The Seattle City Council and Mayor Greg Nickels plan to repeal the employee head tax, which they say discourages hiring.
Seattle Mayor Greg Nickels and some members of the Seattle City Council announced Tuesday that they want to repeal the tax — known formally as the employee hours tax — adopted in 2006 to raise money for transportation improvements.
In a news release Tuesday, Nickels said the poor economy caused him to rethink the tax.
“In these tough economic times, we want to do everything possible to create jobs and help businesses grow,” he said.
The announcement drew praise from members of the business community, who opposed the $25 per employee tax from the start.
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Nickels proposed the tax as part of a revenue package called “Bridging the Gap” to help catch up on $500 million worth of city transportation projects.
The package uses the per-employee head tax, a tax on commercial parking lots and a voter-approved property tax to finance major projects and catch up on street and sidewalk maintenance.
Councilmember Tim Burgess, who campaigned in 2007 on eliminating the head tax, said it’s too hard for small businesses to figure out how much they’re supposed to pay. Employees who commute by bus, car pool, bike or foot are exempt, and there is a complex formula to figure out how much to pay for part-time employees. And the tax could discourage hiring at a time when the city should be supporting job creation, Burgess said.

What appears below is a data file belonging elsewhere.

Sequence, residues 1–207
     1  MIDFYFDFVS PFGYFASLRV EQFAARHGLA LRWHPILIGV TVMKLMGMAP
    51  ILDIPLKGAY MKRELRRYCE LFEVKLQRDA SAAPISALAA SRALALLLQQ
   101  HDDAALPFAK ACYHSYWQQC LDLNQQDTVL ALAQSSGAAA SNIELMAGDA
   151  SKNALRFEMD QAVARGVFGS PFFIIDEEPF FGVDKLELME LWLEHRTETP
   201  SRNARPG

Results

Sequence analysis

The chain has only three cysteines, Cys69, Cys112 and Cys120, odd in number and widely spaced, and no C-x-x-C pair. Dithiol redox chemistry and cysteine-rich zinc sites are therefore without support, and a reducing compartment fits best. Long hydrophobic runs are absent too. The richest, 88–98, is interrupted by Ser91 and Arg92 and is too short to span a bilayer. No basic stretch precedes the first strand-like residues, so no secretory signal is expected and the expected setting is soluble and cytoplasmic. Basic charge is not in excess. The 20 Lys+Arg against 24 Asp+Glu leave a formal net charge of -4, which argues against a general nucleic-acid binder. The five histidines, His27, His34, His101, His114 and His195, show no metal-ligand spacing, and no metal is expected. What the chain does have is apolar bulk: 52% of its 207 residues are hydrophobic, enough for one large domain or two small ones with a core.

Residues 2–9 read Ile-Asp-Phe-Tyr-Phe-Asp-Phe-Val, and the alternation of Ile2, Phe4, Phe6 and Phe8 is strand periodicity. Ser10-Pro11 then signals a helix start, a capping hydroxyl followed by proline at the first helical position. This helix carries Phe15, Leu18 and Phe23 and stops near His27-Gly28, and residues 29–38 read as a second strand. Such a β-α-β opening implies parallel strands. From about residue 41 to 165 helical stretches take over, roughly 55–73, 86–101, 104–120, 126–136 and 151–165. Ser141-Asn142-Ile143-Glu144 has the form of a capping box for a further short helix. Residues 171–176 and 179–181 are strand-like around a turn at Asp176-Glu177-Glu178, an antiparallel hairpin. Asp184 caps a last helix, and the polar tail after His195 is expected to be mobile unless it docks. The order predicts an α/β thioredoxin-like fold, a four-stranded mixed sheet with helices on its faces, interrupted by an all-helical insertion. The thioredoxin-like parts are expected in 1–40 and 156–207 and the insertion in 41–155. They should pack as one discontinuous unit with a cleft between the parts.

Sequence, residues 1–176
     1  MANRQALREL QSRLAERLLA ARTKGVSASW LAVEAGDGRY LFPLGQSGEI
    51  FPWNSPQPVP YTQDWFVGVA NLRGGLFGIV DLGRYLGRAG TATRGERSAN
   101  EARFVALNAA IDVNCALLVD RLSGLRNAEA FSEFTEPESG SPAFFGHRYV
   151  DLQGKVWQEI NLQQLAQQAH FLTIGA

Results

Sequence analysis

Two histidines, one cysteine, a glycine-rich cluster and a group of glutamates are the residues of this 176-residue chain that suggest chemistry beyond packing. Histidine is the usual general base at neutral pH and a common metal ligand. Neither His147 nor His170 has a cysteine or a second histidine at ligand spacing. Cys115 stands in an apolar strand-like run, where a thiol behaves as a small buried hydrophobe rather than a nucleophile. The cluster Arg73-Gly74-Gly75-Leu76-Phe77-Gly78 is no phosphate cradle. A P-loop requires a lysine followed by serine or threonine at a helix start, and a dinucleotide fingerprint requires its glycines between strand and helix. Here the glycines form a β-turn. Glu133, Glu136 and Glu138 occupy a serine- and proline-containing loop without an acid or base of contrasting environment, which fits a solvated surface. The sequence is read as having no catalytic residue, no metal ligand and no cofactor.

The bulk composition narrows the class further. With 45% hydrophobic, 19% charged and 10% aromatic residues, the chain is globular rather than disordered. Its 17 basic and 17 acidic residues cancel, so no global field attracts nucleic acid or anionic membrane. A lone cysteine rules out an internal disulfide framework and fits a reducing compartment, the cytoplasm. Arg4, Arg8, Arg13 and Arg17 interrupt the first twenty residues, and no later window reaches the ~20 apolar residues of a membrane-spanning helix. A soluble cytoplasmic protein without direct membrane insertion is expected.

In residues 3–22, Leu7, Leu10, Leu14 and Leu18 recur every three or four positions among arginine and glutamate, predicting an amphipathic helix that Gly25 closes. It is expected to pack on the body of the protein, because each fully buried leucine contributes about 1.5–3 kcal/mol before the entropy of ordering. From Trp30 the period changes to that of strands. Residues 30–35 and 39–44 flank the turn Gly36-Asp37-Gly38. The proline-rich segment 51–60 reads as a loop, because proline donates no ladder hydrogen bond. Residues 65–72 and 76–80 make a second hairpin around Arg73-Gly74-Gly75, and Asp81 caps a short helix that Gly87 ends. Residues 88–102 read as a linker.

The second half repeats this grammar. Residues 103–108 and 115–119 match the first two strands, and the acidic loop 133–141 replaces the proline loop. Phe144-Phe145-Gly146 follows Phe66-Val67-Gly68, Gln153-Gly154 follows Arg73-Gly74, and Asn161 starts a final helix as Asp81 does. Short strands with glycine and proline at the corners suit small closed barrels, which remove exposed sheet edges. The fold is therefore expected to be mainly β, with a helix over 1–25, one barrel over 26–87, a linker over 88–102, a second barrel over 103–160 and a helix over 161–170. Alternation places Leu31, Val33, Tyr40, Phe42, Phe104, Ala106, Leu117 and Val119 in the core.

“I think more than anything it was a symbolic measure that inadvertently sent the sign that job growth and a strong business environment weren’t important to the city,'” he said.
Council budget-committee Chairwoman Jean Godden said she will vote to keep the tax.
“I’m certainly no fan of the head tax, but I am concerned that this is not the right time to be reducing city revenues,” she said, likening repeal to trying to dig your way out of a hole.
The city has been cutting its budget because of a revenue shortfall and faces a gap of at least $24 million in 2010.
The tax raised about $4.5 million last year.
Burgess said the city can make up some of the money with the commercial parking tax, which is bringing in more than expected, and by paying off bonds more slowly. Some transportation projects may have to be put off, he said.
The announcement defused the issue for mayoral candidates challenging Nickels’ bid for a third term. At least two of them — former Sonic James Donaldson and T-Mobile executive Joe Mallahan — have called for repeal of the tax.
In a news release, Mallahan praised Nickels and City Council members for following his lead.
“I am very pleased Mayor Greg Nickels heeded my call to stop penalizing Seattle businesses for creating new jobs,” he wrote.
Councilmember and mayoral candidate Jan Drago called Mallahan’s statement “completely disingenuous.”
“Joe Mallahan had nothing to do with this,” she said.
Drago voted for the tax in 2006 but said it’s become a bureaucratic headache that doesn’t generate much money. The council should seek a replacement for the money, she said.
Mayoral candidate Michael McGinn said if Nickels truly cared about lowering taxes, he would abandon plans for a waterfront tunnel to replace the Alaskan Way Viaduct. McGinn has made opposition to the tunnel the cornerstone of his campaign.
Emily Heffter: 206-464-8246 or firstname.lastname@example.org